Certain provisions of the JOBS Act, which were implemented in 2013, gave birth to a crowdfunding industry for private placements and in 2015 allowed non-accredited investors to participate in the process. Since then, dozens of platforms have struggled to amass deal flow, and none have created fungible secondary markets, a great use case for blockchain technology. Blockchain is disrupting this industry by streamlining private placements, democratizing alternative investments, and can create fungible secondary markets. No one has yet found product market fit, but there are very new initiatives to try and an ecosystem is forming around these use cases:
Vezts vs RoyaltyExchange — Performing Rights Royalties
The music industry royalty distribution system is ripe for disruption, albeit with huge challenges. Most artists do not own most of their own performing rights and did not have any commercially standardized avenues to sell their royalties, besides selling rights to another individual directly. Along came RoyaltyExchange, a new entrant a few years ago in the private placements space which started out as an online platform that auctioned off royalties to the highest bidder. We spoke with the CEO and founder Jeff Schneider about some of the challenges they faced with that model. In their second iteration they securitize royalties through a master fund and then IPO the fund to investors, very similar to the way REITS work. Their highlight was their Eminem IPO (minimum investment during the IPO is $2,250 for 300 shares) through their “Royalty Flow” fund. However, deals and offerings on their platform are relatively scarce, don’t have secondary markets, and are only offered on an irregular basis.
On the other side of the spectrum, there is Vezt. Vezt (still in beta) can disrupt the nascent music royalty investment industry by creating a peer-to-peer platform for artists to directly sell (or finance) their established or potential royalties to their fans. They are democratizing financing and investments for artists and fans. In short, they do this by tokenizing royalties as an asset class leveraging the Ethereum blockchain and its smart contracts. Through their “initial song offerings”, investors buy Vezt coins which gives them rights to an artist’s royalties. The coins can then be traded on a secondary exchange, with limited liquidity. It is unclear how each coin tracks what specific royalty and how one would know exactly which royalty asset a coin is valued under when trying to purchase on a secondary exchange (i.e no fungibility). Their success remains to be determined but it seems to be a practical application of blockchain to disrupt a traditional industry.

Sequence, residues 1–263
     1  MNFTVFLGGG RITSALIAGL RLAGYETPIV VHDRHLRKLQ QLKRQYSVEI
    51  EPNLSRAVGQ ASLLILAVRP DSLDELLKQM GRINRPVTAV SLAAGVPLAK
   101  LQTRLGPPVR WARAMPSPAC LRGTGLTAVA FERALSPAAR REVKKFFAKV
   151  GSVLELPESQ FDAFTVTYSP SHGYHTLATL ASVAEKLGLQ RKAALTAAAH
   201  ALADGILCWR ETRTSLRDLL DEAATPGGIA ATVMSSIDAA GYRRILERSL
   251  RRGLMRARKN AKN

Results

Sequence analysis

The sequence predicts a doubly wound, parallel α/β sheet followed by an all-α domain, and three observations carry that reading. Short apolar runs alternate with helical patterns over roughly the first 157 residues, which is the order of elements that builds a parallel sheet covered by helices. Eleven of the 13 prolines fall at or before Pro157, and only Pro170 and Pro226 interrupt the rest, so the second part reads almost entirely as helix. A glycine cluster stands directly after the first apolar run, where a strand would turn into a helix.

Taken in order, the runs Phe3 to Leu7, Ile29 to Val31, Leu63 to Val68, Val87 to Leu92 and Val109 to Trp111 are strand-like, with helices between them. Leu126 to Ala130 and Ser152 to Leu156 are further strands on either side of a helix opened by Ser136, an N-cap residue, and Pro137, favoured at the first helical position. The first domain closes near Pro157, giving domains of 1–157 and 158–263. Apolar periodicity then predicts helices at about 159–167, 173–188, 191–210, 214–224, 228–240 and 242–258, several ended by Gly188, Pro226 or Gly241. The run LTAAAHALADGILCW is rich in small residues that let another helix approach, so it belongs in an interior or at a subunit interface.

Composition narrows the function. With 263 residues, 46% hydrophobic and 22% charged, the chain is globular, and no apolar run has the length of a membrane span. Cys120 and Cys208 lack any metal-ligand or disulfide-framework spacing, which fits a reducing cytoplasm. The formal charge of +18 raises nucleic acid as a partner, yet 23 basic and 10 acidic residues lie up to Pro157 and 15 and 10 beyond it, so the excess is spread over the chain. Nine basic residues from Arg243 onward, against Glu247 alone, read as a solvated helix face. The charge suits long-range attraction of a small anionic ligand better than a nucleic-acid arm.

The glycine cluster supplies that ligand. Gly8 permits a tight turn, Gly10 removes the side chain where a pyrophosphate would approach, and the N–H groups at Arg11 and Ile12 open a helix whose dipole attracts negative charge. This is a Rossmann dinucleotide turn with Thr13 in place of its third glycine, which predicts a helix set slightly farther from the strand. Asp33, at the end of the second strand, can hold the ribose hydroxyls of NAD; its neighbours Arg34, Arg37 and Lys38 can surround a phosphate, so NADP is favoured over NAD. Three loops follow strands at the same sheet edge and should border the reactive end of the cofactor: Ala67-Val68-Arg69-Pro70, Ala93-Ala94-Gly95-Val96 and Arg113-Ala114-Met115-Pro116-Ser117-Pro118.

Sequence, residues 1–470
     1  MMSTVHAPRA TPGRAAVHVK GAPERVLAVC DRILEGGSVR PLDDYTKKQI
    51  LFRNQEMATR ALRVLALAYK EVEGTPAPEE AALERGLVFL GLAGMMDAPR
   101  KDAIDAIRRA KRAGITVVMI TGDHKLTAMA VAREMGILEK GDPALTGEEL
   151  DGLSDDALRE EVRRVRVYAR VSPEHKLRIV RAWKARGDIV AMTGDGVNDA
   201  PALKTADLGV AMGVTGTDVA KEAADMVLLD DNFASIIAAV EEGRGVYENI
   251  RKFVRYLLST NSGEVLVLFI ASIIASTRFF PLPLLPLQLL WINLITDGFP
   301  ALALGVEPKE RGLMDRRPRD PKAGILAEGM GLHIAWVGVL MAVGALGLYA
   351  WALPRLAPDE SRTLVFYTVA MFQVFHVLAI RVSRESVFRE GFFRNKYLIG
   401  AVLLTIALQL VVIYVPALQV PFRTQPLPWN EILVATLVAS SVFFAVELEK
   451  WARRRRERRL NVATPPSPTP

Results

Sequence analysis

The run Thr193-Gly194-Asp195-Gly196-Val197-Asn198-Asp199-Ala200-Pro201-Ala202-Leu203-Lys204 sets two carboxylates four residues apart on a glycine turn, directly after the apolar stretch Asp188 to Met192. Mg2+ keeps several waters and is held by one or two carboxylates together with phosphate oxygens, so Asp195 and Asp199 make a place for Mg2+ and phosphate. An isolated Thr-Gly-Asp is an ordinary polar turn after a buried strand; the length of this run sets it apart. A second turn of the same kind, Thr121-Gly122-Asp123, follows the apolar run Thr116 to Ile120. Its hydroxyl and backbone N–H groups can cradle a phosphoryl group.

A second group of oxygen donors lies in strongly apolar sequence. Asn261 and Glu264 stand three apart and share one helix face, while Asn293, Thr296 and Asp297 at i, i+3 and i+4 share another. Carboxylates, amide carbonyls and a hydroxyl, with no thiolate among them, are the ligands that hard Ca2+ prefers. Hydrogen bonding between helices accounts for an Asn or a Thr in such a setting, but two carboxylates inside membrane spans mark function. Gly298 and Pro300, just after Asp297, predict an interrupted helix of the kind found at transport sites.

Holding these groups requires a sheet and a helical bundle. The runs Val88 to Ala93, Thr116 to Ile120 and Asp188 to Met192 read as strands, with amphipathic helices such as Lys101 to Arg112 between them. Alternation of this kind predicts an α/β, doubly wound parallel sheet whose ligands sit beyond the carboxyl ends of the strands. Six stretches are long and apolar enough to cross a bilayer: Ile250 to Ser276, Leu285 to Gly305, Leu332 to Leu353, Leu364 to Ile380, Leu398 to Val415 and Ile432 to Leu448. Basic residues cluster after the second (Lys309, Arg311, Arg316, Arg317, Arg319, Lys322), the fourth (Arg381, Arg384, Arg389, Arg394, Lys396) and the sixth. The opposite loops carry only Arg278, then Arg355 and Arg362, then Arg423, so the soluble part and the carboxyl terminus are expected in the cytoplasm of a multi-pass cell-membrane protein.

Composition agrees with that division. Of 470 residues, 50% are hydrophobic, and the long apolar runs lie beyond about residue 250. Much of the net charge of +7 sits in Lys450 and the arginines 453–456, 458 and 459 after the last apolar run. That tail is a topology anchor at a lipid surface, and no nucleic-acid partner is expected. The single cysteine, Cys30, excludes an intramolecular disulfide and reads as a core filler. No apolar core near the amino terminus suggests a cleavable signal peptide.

CrowdVest vs FunderBeam — Crowdfunding in Private Placements
CrowdVest (similar to Republic and Seed Invest) is an emerging crowdfunding platform, leveraging the JOBS Act to give access to non-accredited and accredited investors to startups for as low as $500. Yet they face the same problems of illiquidity, lack of secondary markets, and no fungibility. It is difficult to scale, and while other platforms like it have harnessed more deal flow to provide more liquidity, it is a slow process. Part of the problem is a steep education curve. Most ordinary investors are not aware of private placements nor their access to it, not to mention investing in private companies is much riskier and less transparent than investing in public ones.
FunderBeam, founded in 2013 and operating in the UK, is attempting to disrupt the nascent crowdfunding industry by tokenizing syndicated deals individually. Investments are tokenized at the syndicate level and then can be traded on their secondary exchange. Therefore, there is a quick path to liquidity for sellers and frees investors from having to keep their investment for years.
Emcee is eyeing alternative assets in the social investing framework as well. One could argue investments in private placements requires a strong domain expertise than public investments due to lack of publicly available information and complexity of private placements. Therefore, mirroring someone who is already involved in a specific private placement is a strong value proposition. AngelList has a similar concept with their syndicates.